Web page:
New Research Shows Yoga Improves Mental Health
This accessible form of exercise has significant mind-body benefits during stressful times.
Yoga has become a go-to movement option for devotees and newbies alike, especially with online instruction just a keyboard click away. Better yet, to practice yoga, all you need is a mat (or in a pinch, a towel), a small space and your body! And now, new research offers even more reason to make practicing your warrior pose a regular part of your quarantine routine.
A recent review published in the British Journal of Sports Medicine has found that movement-based yoga improves a range of mental health conditions, and the more weekly sessions completed, the greater the effects. These findings are “very good news for people struggling in times of uncertainty,” lead researcher, Jacinta Brinsley, told Medical Xpress.
The researchers looked at 19 studies from around the world, involving more than 1,000 adults with a range of mental health issues including depression, generalized anxiety, mood disorders, post-traumatic stress disorder, psychotic disorders and more.
The yoga practices in the studies included a mix of movement, breathing exercises and/or mindfulness, but the movement component (or asana) comprised at least 50 percent of the session. The studies also revealed that the more weekly yoga sessions completed, the greater the effect on easing depressive symptoms.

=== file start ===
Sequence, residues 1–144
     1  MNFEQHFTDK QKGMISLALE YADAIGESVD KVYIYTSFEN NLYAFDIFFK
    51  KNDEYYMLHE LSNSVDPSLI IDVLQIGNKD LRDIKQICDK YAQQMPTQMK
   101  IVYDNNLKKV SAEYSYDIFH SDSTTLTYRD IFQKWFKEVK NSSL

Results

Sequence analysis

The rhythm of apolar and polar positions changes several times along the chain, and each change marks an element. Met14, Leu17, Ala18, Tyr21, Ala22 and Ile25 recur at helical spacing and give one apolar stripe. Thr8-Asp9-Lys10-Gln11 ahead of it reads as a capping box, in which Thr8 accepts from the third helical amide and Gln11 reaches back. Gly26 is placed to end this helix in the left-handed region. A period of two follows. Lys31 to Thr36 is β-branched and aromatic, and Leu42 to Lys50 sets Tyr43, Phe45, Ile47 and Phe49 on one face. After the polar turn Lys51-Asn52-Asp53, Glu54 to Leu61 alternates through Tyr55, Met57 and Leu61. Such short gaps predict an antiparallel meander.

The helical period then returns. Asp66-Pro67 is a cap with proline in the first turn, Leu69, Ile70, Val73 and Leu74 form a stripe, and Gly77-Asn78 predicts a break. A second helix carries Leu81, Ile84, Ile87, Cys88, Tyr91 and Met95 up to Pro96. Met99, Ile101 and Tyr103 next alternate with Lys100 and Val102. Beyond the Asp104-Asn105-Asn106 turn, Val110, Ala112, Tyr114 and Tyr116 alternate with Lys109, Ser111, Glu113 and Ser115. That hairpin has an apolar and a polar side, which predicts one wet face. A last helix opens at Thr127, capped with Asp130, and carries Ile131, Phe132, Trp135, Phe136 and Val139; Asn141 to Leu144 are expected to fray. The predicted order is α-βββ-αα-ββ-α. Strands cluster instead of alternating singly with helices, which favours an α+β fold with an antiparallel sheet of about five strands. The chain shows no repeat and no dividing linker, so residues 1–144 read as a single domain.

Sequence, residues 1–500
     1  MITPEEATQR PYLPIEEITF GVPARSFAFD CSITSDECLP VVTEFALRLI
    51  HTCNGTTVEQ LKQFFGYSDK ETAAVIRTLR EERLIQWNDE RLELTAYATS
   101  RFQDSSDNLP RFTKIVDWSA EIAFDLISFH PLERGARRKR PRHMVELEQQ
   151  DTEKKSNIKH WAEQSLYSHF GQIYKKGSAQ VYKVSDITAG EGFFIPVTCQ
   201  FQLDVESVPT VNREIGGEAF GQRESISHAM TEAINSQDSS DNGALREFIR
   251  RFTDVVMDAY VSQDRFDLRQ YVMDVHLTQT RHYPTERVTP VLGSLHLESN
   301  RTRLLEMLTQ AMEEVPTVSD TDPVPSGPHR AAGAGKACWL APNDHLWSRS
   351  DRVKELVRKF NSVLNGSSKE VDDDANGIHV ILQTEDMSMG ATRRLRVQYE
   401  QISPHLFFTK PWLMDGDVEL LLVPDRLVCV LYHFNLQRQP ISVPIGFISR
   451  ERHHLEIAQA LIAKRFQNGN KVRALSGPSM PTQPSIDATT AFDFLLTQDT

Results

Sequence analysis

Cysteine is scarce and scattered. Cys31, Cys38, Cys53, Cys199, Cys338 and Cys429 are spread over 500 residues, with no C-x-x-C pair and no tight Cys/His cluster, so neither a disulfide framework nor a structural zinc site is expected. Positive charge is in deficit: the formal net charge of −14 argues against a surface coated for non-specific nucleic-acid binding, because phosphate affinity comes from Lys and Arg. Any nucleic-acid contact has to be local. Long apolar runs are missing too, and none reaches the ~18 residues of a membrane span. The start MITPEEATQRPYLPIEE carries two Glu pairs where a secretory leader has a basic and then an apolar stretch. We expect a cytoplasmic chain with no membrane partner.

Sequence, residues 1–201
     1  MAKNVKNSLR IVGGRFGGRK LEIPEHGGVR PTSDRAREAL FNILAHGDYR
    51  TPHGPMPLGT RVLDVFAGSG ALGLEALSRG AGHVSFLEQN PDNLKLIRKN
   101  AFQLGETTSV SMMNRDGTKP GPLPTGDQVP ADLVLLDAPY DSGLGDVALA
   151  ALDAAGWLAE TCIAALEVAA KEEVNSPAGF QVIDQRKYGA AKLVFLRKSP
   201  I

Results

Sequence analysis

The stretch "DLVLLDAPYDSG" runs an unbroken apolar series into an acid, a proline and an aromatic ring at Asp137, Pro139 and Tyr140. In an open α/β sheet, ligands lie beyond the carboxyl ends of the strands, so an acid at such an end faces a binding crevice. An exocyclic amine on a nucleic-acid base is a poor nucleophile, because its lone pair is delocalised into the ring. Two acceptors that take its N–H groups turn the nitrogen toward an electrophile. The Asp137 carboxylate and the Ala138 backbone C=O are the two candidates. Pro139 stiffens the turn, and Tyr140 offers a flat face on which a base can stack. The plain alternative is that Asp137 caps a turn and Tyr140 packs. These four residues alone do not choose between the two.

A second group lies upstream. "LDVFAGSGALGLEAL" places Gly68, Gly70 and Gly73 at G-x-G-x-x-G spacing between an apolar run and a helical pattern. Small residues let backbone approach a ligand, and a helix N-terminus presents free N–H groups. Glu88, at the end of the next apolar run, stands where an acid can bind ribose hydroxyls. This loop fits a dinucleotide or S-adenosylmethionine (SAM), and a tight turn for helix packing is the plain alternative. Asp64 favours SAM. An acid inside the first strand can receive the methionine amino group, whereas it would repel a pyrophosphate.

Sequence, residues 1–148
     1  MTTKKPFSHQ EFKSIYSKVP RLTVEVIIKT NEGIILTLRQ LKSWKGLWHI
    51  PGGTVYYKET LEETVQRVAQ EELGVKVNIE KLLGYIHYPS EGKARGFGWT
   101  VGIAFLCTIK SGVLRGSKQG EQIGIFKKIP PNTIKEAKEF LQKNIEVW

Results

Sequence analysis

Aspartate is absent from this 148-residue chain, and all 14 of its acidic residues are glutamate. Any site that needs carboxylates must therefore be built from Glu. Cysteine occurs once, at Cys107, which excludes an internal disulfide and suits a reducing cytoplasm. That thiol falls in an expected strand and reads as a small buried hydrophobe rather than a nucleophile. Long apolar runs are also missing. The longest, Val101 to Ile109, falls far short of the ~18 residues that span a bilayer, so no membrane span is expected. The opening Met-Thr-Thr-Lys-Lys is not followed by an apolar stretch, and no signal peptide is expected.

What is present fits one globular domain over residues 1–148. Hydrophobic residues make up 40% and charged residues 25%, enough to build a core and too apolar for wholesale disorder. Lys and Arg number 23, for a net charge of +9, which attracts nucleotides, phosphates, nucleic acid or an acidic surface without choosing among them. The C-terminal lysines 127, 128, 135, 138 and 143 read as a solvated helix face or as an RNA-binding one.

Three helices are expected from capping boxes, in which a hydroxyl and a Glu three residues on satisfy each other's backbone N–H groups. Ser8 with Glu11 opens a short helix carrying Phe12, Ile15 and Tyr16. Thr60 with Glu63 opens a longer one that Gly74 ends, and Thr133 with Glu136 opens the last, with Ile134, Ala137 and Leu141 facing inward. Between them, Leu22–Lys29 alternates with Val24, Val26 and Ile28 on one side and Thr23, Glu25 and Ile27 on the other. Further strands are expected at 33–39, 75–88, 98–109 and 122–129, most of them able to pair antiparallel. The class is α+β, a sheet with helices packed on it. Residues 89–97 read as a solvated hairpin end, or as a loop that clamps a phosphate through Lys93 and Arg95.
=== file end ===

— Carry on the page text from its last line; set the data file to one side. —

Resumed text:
The more weekly yoga sessions completed, the greater the effect on easing depressive symptoms.
"Perhaps the most encouraging news from this study is that it doesn't appear to matter what style of yoga you practice — just that you practice," adds Joyce Englander Levy, Director of Mindful of Movement at THE WELL. "Whether you like to link your breath to movement and smoothly flow from pose to pose, or you prefer to focus on alignment work on endurance, the mental and emotional benefits will be there for you."
According to Harvard Health, past available research has also suggested that yoga can help reduce the impact of stress, and help alleviate symptoms of anxiety and depression — with or without the presence of a diagnosed mental illness. It’s theorized that yoga does this by modulating our stress response systems — or moving us from a fight-or-flight to a rest-and-digest response.
Sound soothing? We thought so, too. Here’s a simple morning yoga sequence to get started.